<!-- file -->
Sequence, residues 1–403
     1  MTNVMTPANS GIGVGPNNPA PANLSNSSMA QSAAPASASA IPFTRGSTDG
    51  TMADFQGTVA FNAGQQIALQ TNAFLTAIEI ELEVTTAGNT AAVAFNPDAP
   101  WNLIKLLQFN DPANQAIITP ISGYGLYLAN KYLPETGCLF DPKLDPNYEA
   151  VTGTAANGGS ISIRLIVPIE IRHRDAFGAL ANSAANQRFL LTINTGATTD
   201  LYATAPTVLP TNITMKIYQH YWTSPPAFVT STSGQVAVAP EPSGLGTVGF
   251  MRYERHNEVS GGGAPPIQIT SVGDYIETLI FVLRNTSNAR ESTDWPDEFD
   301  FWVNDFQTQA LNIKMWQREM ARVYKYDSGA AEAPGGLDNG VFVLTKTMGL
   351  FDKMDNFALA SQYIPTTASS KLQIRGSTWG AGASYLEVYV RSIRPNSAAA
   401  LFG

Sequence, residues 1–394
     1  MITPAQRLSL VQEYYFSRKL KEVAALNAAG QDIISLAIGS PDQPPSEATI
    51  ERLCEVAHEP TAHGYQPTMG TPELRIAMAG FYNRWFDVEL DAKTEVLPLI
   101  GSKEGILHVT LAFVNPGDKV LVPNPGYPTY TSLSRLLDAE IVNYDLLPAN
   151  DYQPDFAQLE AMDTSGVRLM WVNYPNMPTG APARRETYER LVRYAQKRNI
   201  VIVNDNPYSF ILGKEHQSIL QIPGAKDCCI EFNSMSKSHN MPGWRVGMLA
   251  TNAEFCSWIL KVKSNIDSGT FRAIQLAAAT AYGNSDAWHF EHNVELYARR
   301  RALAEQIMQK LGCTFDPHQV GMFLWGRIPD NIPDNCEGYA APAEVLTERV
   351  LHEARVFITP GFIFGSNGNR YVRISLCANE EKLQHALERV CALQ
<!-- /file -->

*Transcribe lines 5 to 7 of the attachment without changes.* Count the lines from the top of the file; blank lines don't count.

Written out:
   151  VTGTAANGGS ISIRLIVPIE IRHRDAFGAL ANSAANQRFL LTINTGATTD
   201  LYATAPTVLP TNITMKIYQH YWTSPPAFVT STSGQVAVAP EPSGLGTVGF
   251  MRYERHNEVS GGGAPPIQIT SVGDYIETLI FVLRNTSNAR ESTDWPDEFD